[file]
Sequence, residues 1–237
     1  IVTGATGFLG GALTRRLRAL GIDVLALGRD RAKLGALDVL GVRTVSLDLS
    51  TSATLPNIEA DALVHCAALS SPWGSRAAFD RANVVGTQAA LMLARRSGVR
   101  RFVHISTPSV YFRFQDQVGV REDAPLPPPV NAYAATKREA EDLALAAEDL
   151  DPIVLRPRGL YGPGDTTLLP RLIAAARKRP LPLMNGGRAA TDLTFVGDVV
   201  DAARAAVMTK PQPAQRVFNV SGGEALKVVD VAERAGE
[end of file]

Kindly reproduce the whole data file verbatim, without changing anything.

Sequence, residues 1–237
     1  IVTGATGFLG GALTRRLRAL GIDVLALGRD RAKLGALDVL GVRTVSLDLS
    51  TSATLPNIEA DALVHCAALS SPWGSRAAFD RANVVGTQAA LMLARRSGVR
   101  RFVHISTPSV YFRFQDQVGV REDAPLPPPV NAYAATKREA EDLALAAEDL
   151  DPIVLRPRGL YGPGDTTLLP RLIAAARKRP LPLMNGGRAA TDLTFVGDVV
   201  DAARAAVMTK PQPAQRVFNV SGGEALKVVD VAERAGE